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Colombia refutes Chavez, says it has no plans to attack Venezuela

By the CNN Wire Staff
Venezuelan President Hugo Chavez mobilized troops in 10 districts near the Colombian border.
Venezuelan President Hugo Chavez mobilized troops in 10 districts near the Colombian border.
STORY HIGHLIGHTS
  • Colombia says it has never intended to attack Venezuela
  • Troops are deploying to 10 districts near the border, Chavez says
  • Colombia claims leftist rebels have found refuge in Venezuela
  • Venezuela denies those accusations and has broken off diplomatic ties with its neighbor
RELATED TOPICS
  • Hugo Chavez
  • Venezuela
  • Colombia

(CNN) -- A spokesman for Colombia's president says the country has never had any intention of attacking Venezuela.

The comments came a day after Venezuelan President Hugo Chavez said he was deploying troops toward the border in case of an invasion.

"It is a clear political deception of his own nation," Colombian presidential spokesman Cesar Mauricio Velasquez told reporters Saturday.

On Friday, Chavez said special forces were moving to 10 districts near the Colombian border to be prepared in case Colombian President Alvaro Uribe issues an invasion order before he leaves office August 7. He also said he was reviewing war plans as tensions between the two countries rises.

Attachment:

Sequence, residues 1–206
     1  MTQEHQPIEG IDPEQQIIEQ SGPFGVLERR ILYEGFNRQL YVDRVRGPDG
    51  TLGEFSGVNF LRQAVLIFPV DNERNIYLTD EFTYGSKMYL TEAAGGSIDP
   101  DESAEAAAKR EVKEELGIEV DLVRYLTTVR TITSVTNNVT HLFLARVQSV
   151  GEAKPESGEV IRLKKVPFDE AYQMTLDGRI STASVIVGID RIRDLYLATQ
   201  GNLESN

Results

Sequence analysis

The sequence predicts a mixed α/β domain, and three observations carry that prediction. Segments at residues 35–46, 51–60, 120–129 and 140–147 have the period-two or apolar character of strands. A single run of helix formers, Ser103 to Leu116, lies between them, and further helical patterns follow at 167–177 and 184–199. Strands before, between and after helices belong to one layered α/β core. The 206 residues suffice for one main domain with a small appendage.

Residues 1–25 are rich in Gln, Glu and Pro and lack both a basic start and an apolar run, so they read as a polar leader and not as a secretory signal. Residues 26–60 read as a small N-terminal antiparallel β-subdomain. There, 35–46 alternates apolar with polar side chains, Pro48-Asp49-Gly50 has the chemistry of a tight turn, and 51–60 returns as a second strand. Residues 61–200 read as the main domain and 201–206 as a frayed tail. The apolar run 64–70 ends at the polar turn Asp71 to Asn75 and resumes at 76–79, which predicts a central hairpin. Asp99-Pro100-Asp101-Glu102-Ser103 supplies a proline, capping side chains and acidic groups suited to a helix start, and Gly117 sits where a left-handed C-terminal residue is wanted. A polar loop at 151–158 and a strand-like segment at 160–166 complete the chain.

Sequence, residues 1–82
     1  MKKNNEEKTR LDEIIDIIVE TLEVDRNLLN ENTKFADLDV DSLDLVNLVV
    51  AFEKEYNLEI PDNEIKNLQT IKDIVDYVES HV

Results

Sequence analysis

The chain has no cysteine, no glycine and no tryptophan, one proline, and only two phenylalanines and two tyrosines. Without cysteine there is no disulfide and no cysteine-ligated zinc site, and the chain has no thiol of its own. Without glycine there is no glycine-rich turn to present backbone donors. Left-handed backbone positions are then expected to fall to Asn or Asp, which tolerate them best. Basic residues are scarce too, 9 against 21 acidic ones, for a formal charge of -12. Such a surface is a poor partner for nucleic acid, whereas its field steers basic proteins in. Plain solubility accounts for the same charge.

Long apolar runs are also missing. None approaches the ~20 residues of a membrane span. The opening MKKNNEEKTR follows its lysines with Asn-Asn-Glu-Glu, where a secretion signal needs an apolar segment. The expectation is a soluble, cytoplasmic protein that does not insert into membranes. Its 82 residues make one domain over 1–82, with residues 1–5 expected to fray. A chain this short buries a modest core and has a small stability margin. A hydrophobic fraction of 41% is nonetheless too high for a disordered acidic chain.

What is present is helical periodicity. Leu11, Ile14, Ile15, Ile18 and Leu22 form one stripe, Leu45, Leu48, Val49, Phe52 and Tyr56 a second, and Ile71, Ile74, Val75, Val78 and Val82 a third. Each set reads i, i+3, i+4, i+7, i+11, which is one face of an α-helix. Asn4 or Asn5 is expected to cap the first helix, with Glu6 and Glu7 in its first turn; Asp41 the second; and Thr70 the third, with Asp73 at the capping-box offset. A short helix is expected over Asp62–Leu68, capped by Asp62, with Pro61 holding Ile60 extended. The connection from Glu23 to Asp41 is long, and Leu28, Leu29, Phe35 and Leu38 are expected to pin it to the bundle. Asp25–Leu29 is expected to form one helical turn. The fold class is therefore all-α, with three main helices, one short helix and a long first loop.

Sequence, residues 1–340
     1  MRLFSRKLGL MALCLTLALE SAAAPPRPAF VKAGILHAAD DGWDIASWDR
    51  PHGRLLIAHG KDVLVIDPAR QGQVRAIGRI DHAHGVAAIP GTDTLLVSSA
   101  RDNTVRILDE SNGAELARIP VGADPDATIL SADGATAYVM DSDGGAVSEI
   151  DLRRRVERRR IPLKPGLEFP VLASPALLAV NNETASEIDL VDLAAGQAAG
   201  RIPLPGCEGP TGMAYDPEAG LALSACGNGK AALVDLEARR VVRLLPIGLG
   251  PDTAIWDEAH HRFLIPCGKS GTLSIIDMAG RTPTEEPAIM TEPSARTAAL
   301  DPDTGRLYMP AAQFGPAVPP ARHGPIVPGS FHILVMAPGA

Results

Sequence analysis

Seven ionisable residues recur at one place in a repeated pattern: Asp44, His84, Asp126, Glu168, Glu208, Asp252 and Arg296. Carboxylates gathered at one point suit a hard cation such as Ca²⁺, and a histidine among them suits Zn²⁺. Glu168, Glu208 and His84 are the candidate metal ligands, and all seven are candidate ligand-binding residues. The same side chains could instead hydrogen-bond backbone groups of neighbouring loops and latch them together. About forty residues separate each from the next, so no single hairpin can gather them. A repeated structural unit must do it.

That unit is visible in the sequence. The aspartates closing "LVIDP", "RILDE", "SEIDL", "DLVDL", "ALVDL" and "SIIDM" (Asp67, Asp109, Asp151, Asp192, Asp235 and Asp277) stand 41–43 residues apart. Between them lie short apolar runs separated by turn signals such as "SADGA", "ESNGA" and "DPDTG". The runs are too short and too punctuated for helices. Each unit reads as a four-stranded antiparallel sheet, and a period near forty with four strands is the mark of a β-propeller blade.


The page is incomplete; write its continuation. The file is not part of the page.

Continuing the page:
Colombia and Venezuela are at odds over accusations that leftist rebels have found refuge in Venezuela.

Colombia says it has photographic evidence of camps belonging to the Revolutionary Armed Forces of Colombia -- known by its Spanish abbreviation, FARC -- in Venezuela. Colombia made its case before the Organization of American States earlier this month and asked for international observers to be allowed into Venezuela to verify the presence of the guerrilla group.

Venezuela denied the accusations, and in response broke off diplomatic ties with Colombia.

On Friday, Chavez told VTV that the Colombian government's accusations "have become a threat against our sovereignty, [against] our people and against the revolution."

Chavez said surveys by the Venezuelan National Guard have proven that rebel camps do not exist within the country's borders.

He accused Colombian officials and right-wing paramilitary units of plotting his assassination, while the Colombian government has accused Chavez of supporting the rebels.

CNN's Gustavo Valdes contributed to this report.